Life for the boom’s dead spaces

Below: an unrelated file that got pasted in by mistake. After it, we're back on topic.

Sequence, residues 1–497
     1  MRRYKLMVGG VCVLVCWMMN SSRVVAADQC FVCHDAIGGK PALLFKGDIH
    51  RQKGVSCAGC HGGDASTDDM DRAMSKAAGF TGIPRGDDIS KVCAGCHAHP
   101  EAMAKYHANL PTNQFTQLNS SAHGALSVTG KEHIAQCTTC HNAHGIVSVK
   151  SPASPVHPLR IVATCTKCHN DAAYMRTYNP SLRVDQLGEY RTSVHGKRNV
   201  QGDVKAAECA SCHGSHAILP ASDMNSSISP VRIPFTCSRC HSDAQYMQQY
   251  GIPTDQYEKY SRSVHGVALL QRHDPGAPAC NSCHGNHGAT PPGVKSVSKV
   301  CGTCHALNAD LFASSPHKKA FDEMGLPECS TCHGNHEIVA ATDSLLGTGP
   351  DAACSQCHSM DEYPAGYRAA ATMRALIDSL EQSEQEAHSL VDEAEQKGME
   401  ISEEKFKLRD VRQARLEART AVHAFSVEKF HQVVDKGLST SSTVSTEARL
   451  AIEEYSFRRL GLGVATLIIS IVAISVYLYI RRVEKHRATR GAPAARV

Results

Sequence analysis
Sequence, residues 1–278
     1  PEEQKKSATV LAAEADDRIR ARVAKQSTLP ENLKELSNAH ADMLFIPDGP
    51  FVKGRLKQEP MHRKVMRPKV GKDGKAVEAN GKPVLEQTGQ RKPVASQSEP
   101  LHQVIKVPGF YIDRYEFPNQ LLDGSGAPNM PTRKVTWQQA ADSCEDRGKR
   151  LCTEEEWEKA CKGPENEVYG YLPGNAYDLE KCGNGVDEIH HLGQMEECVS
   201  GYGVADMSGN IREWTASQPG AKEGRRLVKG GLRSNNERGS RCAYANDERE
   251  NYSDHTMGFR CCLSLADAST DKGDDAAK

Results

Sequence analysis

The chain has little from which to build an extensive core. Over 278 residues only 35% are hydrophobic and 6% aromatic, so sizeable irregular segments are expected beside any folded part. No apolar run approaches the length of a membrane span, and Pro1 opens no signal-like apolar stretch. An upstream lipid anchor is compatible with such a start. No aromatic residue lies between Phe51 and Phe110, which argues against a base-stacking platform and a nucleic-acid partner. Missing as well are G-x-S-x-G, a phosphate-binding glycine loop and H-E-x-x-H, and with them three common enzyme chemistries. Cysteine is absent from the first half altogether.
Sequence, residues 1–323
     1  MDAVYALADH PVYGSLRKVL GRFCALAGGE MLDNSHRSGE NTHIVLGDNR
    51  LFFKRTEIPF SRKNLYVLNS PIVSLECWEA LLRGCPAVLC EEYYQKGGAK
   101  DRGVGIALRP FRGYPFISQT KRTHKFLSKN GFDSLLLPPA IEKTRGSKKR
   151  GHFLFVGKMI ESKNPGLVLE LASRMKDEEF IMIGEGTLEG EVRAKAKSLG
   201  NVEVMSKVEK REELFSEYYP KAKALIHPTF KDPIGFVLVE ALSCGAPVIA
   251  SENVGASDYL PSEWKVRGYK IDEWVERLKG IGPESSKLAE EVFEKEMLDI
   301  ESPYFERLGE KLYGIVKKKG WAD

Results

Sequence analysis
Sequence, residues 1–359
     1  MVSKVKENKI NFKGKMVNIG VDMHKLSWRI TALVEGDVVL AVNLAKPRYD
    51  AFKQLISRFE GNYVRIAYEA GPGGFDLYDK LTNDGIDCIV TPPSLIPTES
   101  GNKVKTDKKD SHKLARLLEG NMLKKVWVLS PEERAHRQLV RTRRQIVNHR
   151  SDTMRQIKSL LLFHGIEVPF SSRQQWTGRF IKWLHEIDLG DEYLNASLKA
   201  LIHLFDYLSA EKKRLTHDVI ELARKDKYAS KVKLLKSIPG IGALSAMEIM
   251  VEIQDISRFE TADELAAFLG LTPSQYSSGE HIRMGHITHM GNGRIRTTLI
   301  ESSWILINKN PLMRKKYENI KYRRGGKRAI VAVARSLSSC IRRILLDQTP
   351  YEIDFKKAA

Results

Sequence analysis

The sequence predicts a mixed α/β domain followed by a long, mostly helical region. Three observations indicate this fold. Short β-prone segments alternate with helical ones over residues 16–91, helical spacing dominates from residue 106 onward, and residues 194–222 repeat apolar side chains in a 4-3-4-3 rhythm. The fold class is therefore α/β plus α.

Even during the boom, it was difficult to see some of the things we were building and imagine them as a success. Enormous luxury golf and spa hotels in the middle of nowhere, shoe-box apartment blocks in small towns, ghost estates where no houses were ever sold, and massive out-of-town retail and industrial parks – all these have blighted the landscape, and now stand in various stages of construction or dereliction, mocking us with the question: what should we do with them? Some ways out of such waste have already been proposed: turning the hotels into nursing homes is one example. Or we could look to SoHo in New York, where inner-city factories and warehouses became, first, artists’ studios and then ultra-desirable loft apartments. But when Shelley McNamara and Yvonne Farrell, of Grafton Architects, told me about a project they were doing with students in Switzerland, imagining the creation of a school out of an abandoned village (each house becoming a classroom, with civic buildings as canteen and offices, and the streets as a playground), I realised that architects are the holders of solutions too. Architects are trained in creative thinking about how we live. It is true some members of the profession had a hand in fashioning the chaos we’ve created, but just as many spend time and effort thinking about how we can plan better, build better, live better. Here, four architects respond to the question of what should be done with our “problem” buildings. The only stipulation was nothing could be knocked down.